The combination of revolutionary political organisations, a covert FBI operation and fake movies sounds like the stuff of fiction, but forms the foundation of the true story told in The Big Cigar, a new limited series from Apple TV+.


Set in the dazzling colour of 1970s America, The Big Cigar explores how Huey P Newton – the co-founder and first leader of the radical Black Panther Party – fled the US to Cuba with the help of Hollywood.

But how much of what we see in The Big Cigar aligns with the real history of this extraordinary phase of Newton’s life?

Is The Big Cigar a true story?

Yes, The Big Cigar is based on a true story: Huey P Newton really did flee to Cuba in 1974, enabled by the production of a fake film, also named The Big Cigar, organised by Hollywood producer Bert Schneider.

Though he effected his escape in a matter of weeks, the reasons behind it were years in the making – and his absence was keenly felt by the Black Panthers.

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When and why did Huey P Newton create the Black Panthers?

While still college students, Huey P Newton and Bobby Seale co-founded the Black Panther Party for Self-Defense (later shortened to Black Panther Party) in October 1966 in Oakland, California.

The duo created the political organisation as a response to racial tensions and violence against African Americans by police, with the aim of empowering black communities to protect themselves from police brutality.

The creation of the Black Panther Party was heavily inspired by figures like Malcolm X – the black nationalist leader who emphasised the power of self-defence and advocated for African Americans striving for self-determination.

Huey P Newton speaking at an event
Huey P Newton speaking at an event. (Photo by Getty Images)

Why did Huey P Newton flee to Cuba?

On 28 October 1967, Newton was unexpectedly locked in a tense encounter with Oakland police officers. The confrontation escalated into a shootout and, during this confrontation, Newton shot and killed officer John Frey.

Arguing that he had been shot first, Newton claimed self-defence. However, just under a year later, he was convicted of voluntary manslaughter and sentenced to a minimum of two years in prison, and a maximum of 15.

Within the broader context of the challenging race relations of the time, Newton’s conviction became a rallying cry for the Black Panther Party, who viewed it as a clear case of racial injustice.

In fact, Newton’s case sparked widespread controversy across the nation with mass protests and the organisation of the ‘Free Huey’ campaign. In 1970, after numerous legal challenges, Newton's conviction was overturned on appeal due to legal misconduct on behalf of the trial’s judge.

But this didn’t mark the end of Newton’s entanglements with the law. In 1974, while still on parole for the shooting of John Frey, Newton was accused of murdering 17-year-old Kathleen Smith, and was further linked with the murder of Betty Van Patter and other acts of violence.

With Newton again stating his innocence, Black Panther Party supporters viewed these allegations as the authorities’ attempt to silence Newton and damage the broader Black Panther Party. This belief was bolstered by the FBI's covert COINTELPRO programme; a concerted effort to disrupt and discredit activist groups that were seen to undermine US political stability and the status quo.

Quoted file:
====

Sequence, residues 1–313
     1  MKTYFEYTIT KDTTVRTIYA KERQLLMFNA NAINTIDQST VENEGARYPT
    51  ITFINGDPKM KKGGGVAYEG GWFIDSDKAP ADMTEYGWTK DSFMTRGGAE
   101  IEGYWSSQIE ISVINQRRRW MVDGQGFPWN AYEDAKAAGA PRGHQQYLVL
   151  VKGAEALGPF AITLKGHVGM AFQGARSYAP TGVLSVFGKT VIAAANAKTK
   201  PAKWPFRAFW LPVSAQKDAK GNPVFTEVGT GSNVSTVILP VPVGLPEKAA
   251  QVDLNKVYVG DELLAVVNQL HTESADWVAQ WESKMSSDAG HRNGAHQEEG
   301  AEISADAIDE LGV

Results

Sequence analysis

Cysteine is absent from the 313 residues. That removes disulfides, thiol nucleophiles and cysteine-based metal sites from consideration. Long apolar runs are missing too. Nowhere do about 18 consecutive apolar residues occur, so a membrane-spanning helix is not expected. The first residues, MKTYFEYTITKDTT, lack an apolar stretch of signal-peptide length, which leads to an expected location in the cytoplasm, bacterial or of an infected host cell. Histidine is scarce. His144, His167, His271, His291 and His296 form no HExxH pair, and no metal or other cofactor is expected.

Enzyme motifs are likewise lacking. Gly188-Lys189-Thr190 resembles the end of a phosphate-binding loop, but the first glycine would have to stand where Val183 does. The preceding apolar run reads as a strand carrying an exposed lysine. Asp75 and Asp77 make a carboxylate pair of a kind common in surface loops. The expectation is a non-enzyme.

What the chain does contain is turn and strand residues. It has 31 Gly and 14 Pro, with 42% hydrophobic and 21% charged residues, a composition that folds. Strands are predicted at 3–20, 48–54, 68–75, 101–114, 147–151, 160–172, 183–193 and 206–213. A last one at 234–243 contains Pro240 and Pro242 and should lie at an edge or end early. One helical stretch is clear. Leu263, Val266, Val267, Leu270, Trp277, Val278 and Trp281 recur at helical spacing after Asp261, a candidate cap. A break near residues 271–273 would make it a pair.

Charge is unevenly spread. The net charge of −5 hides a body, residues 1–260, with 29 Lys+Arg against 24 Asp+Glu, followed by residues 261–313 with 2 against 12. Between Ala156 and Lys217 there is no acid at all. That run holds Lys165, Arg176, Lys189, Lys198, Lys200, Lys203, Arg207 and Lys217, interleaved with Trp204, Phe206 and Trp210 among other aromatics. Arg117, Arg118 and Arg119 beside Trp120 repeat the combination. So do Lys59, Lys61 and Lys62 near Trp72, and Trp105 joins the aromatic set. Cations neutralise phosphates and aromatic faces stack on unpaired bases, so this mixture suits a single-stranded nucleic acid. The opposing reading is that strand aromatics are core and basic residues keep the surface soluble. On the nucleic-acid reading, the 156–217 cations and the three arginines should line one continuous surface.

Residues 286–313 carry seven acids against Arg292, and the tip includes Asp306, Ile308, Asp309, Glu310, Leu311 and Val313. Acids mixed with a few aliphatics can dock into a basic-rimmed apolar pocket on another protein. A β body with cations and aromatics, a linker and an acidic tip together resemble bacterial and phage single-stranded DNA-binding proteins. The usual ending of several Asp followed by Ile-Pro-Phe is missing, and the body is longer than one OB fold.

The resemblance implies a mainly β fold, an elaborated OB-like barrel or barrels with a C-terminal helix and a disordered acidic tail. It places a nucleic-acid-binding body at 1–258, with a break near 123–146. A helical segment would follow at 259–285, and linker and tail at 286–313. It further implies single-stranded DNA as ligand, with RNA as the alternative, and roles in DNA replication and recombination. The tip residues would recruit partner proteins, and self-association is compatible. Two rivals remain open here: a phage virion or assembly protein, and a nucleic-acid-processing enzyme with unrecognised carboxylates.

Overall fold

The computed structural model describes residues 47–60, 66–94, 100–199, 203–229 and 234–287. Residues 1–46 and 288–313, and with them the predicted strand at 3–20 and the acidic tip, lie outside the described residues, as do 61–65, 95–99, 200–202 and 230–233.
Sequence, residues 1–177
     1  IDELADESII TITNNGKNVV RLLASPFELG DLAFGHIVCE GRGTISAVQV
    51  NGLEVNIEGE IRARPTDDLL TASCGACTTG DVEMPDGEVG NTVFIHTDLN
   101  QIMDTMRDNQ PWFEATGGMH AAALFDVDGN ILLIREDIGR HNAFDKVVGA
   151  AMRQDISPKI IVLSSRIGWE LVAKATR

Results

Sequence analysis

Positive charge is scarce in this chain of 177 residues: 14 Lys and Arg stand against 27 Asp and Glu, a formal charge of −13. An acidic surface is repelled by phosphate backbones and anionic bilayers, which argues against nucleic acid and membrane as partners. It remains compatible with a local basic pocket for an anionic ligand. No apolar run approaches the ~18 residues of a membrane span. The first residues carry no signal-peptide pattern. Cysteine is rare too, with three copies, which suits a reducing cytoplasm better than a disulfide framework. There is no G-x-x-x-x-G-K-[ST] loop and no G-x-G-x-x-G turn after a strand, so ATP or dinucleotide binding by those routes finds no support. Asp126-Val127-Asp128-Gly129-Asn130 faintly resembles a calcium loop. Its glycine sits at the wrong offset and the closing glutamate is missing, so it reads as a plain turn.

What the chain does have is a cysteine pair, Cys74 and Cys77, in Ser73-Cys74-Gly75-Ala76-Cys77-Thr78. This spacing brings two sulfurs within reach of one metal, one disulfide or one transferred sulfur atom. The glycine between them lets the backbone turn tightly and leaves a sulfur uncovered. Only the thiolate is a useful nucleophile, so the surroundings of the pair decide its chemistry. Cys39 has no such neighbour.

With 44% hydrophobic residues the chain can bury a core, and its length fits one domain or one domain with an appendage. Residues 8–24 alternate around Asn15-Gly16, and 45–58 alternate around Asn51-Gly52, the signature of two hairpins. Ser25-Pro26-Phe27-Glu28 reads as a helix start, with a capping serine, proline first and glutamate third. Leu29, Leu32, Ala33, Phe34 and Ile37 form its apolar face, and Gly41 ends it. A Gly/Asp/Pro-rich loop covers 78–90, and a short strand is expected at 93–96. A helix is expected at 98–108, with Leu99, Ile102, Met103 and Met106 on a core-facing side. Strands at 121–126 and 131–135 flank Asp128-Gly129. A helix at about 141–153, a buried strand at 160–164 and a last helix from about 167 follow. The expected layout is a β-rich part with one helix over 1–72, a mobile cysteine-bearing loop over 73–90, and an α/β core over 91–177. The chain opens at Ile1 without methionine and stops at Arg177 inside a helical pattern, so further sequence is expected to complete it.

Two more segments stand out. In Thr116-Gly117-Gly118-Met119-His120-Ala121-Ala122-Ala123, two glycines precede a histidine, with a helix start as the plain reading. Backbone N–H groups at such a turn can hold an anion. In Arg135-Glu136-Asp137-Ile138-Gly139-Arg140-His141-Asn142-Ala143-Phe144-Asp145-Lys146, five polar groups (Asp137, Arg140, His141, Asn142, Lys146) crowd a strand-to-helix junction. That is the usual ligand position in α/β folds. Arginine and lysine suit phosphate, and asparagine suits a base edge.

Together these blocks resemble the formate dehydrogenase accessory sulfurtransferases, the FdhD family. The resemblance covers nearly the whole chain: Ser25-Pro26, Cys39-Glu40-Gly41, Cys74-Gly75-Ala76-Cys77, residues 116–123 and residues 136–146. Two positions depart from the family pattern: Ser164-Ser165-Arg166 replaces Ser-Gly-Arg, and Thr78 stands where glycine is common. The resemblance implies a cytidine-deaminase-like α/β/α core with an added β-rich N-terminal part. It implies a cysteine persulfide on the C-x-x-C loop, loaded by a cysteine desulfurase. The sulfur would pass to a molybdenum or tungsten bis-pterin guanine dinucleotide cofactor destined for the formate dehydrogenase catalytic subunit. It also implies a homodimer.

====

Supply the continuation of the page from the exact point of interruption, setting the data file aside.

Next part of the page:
Alessandro Nivola as Bert Schneider in The Big Cigar
Alessandro Nivola as Bert Schneider in The Big Cigar. (Photo by Apple TV+)

Who was Bert Schneider and why did he help Newton escape?

Bert Schneider, a Hollywood producer known for films like Easy Rider, was a vocal supporter of the Black Panther Party, and became convinced of Newton's innocence. And so he offered to orchestrate an audacious plan that would see Newton flee to Cuba to avoid the FBI and further criminal charges.

Schneider’s proposition was daring: he would create a fake production company that would shoot a film starring Newton. There was no intention for the movie in question, – The Big Cigar – ever to be made. Instead, it was to act as an alibi to explain Newton’s movements as he prepared to leave the US.

Schneider used his Hollywood experience to assemble a team of filmmakers and actors sympathetic to the Black Panther Party's cause, all willing to act in Newton’s interest.

Huey P Newton arriving at court flanked by supporters.
Huey P Newton arriving at court flanked by supporters. (Photo by Getty images)

What happened to Huey P Newton while he was in Cuba?

Thanks to Schneider’s aid, Newton left the US later in 1974, and arrived in Cuba. Precise details about Newton’s escape remain cloaked in mystery, and when asked in an interview about his journey, he said, “I would rather not talk about my excursion…my getting here.”

During his exile in Cuba, Newton’s political influence significantly diminished and his absence took its toll on the Black Panther Party, fuelling conflicts and power struggles within the group.

Did Huey P Newton ever return from Cuba?

Newton remained in Cuba for three years, until 1977, whereupon he returned to the US to face the charges levelled against him, which were ultimately dropped.

How did Huey P Newton die?

Huey P Newton was shot and murdered by Tyrone Robinson of the Black Guerilla Family, a rival black power organisation.


His final words are reported as being, “You can kill my body, and you can take my life but you can never kill my soul. My soul will live forever.”


James OsborneContent producer

James Osborne is a content producer at HistoryExtra where he writes, researches, and edits articles, while also conducting the occasional interview